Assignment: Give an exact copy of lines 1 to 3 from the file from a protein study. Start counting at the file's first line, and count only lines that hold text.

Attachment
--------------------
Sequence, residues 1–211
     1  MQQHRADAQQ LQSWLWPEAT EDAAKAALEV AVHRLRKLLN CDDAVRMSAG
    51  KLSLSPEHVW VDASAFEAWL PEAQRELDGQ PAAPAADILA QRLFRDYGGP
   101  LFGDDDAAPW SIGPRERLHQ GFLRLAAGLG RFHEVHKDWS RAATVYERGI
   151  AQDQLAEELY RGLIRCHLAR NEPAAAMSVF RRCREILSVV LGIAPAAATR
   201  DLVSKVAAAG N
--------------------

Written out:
Sequence, residues 1–211
     1  MQQHRADAQQ LQSWLWPEAT EDAAKAALEV AVHRLRKLLN CDDAVRMSAG
    51  KLSLSPEHVW VDASAFEAWL PEAQRELDGQ PAAPAADILA QRLFRDYGGP